- What Are Probate Real Estate Properties?
- What Are Probate Properties?
- What Is Probate Real Estate Investing?
- Getting Started: 4 Ways to Find Property in a Probate Real Estate Sale
- Buying Property Through a Probate Real Estate Sale
- Common Questions About Probate Real Estate
- Investing In Probate Real Estate
Investing in real estate can require a large dollar amount, large enough to discourage many people from doing their first deal.
But for someone looking to get started in the field with a small, out-of-pocket budget, investing in probate real estate may be the answer.
But what is probate real estate? And how can you invest in probate real estate the right way?
In this article, we will explain:
- What probate real estate properties are
- The ins and outs of probate real estate investing
- How to find probate real estate leads
- and more
If you’re ready to learn about probate real estate investing, let's get started!
What Are Probate Real Estate Properties?
First, let's explore what a probate real estate property is.
What Are Probate Properties?
A “probate asset” is a property or object left behind by a deceased person.
Anything can be a probate asset, such as:
- other personal belongings
Though most professionals use the term in reference to probate real estate.
If the deceased was the sole owner of the real estate property when they died or left no will, the property goes to probate.
That’s the name for the court process of distributing the deceased’s holdings.
Once a property goes into probate, the probate court either:
- names an executor
- oversees the probate sale of the deceased owners’ real estate by itself
Next, we’ll look at how you can invest in probate real estate.
What Is Probate Real Estate Investing?
Often, the holder or executor of a piece of probate real estate, such as a family member or friend, has incentive to sell for a handful of reasons:
- They may decide not to live in the property
- They might not want the responsibility of ownership long-term
When any of these happen, the property is put up for probate sale — and that’s a big opportunity for real estate investors.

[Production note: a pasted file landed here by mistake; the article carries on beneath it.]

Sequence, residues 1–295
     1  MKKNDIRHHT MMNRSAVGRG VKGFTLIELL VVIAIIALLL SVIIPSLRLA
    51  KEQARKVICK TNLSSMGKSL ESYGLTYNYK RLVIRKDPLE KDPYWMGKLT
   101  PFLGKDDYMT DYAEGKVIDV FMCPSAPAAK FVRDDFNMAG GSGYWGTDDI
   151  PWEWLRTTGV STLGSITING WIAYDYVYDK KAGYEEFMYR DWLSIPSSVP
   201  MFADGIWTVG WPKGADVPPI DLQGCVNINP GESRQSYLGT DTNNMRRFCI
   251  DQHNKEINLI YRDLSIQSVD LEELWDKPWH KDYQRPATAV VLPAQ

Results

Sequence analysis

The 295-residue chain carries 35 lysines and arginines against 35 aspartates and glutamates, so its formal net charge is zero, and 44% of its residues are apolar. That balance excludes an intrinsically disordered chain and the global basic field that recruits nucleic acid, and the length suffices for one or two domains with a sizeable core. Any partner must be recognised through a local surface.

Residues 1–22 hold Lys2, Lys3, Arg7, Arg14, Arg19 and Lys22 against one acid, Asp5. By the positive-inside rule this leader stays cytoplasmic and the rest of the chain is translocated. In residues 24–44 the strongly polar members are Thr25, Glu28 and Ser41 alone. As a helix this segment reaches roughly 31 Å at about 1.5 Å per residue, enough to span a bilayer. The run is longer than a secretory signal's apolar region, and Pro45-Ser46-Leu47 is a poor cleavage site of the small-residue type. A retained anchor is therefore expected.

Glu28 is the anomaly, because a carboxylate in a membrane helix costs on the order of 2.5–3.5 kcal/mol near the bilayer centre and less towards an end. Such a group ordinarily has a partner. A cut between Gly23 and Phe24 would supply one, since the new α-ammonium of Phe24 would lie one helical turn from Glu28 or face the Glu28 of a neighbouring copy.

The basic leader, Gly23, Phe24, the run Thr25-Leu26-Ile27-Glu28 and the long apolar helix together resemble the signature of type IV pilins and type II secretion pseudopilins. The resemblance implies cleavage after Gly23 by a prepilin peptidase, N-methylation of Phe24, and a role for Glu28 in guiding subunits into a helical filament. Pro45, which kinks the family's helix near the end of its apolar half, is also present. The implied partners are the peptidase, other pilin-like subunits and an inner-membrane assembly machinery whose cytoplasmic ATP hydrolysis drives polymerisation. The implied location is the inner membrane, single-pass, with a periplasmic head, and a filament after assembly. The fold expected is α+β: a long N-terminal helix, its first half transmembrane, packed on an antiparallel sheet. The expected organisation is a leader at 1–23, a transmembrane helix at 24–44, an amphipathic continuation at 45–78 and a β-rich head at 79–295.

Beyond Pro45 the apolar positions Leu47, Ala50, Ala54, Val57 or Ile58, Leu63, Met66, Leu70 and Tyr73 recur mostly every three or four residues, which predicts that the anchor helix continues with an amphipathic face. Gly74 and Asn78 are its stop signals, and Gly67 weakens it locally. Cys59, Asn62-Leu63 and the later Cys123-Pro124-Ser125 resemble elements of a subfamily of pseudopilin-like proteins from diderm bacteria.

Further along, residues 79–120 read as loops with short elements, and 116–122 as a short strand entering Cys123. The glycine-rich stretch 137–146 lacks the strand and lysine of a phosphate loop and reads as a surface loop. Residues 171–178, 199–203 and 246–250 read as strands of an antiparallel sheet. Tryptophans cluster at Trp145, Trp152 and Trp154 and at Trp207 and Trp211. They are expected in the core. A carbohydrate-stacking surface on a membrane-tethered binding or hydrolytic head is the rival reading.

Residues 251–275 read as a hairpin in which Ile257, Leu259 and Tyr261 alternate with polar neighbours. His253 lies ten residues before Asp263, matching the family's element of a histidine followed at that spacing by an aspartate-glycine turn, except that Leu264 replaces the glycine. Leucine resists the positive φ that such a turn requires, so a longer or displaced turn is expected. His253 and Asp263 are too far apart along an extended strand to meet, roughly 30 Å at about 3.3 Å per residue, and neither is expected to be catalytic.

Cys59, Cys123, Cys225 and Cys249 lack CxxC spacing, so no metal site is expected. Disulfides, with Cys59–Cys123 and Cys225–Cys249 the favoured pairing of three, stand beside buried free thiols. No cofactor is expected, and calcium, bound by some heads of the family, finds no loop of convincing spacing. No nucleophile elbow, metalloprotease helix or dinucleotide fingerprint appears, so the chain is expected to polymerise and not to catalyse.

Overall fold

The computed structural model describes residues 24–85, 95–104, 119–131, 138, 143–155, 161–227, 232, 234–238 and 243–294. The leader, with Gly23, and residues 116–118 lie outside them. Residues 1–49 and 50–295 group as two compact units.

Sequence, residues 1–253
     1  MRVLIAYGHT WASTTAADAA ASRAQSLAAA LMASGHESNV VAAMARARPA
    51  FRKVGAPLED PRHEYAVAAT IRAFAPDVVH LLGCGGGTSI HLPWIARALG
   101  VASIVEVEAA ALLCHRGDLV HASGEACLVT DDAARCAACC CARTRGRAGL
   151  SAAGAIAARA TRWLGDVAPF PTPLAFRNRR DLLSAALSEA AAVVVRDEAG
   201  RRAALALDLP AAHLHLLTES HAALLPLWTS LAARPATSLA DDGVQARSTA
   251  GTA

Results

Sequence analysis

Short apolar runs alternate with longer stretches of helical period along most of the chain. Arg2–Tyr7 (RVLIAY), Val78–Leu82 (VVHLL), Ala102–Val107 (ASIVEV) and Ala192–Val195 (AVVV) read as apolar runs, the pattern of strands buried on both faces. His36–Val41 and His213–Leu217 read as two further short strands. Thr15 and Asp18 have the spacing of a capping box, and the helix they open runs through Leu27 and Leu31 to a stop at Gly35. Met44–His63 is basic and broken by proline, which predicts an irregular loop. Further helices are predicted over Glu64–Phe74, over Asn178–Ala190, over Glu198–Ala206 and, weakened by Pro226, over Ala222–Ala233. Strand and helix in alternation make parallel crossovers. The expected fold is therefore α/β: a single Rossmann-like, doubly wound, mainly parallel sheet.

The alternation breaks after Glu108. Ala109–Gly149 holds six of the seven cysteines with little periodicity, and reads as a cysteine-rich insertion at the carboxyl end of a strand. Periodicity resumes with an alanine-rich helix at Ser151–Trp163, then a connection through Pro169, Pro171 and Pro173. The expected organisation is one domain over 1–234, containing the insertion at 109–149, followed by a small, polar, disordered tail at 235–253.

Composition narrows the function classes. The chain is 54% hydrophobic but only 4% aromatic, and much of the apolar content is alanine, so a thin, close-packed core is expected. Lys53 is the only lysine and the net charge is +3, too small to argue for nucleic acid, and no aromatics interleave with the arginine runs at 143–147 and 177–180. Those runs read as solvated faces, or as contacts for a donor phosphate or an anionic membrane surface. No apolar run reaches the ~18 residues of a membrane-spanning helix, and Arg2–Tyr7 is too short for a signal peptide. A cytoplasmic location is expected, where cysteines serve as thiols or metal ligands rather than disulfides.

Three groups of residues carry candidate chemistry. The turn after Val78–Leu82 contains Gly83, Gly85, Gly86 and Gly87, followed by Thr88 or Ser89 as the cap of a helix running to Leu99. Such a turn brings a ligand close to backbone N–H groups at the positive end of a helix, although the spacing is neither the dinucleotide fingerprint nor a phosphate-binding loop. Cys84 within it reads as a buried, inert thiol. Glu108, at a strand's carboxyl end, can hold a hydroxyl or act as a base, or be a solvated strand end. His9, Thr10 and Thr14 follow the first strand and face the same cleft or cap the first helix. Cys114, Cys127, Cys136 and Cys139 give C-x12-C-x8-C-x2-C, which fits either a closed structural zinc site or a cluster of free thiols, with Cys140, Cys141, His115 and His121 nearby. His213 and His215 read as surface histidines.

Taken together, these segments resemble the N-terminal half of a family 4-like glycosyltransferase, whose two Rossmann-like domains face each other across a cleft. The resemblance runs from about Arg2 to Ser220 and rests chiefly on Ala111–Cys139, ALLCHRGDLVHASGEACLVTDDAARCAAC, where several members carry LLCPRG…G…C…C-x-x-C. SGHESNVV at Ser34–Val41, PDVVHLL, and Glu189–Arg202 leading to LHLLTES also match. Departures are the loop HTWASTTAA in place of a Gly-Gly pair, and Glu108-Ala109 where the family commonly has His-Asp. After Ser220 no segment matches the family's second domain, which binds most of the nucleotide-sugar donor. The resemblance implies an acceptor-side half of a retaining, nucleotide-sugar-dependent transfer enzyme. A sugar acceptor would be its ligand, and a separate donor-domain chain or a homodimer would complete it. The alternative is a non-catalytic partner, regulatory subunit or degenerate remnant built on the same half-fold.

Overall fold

Because the probate property is likely to be priced much lower than others in the surrounding area.
The heir or executor usually wants to unload the property as soon as possible for two reasons:
- so that they can avoid paying taxes and fees on it
- so that they can get the value out from the house
Because of these factors, probate properties are often “priced to move.”
On top of that, property in a probate sale often has no outstanding mortgage due, simply because the departed owner might have been older or paid off the mortgage in full.
With a low base price, the investor can better afford to “fix and flip” — renovate and resell — a probate property.
As a result, they’re likelier to see greater profit from a probate sale than they might with a standard real estate purchase.
Of course, property in a probate sale is not a totally risk-free investment.
Keep in mind:
- The legal process of transferring ownership may take a while.
- The property will usually be sold “as-is,” making renovations in some cases expensive.
But a well-executed probate sale can create a win-win for all involved parties, investor and seller alike.
Getting Started: 4 Ways to Find Property in a Probate Real Estate Sale
Naturally, the first step in buying a probate estate is to find it.
There are easier and more ethical ways to do so than scanning the obituary page.
Here are some of the things that you can do.
Contact Your Local Probate Court
Your county’s probate court should have a list of all open probate cases that involve real estate, and it should be free for you to review either in person or online.
You may be able to find probate property through a dedicated web search.
Look Through Your Local Newspaper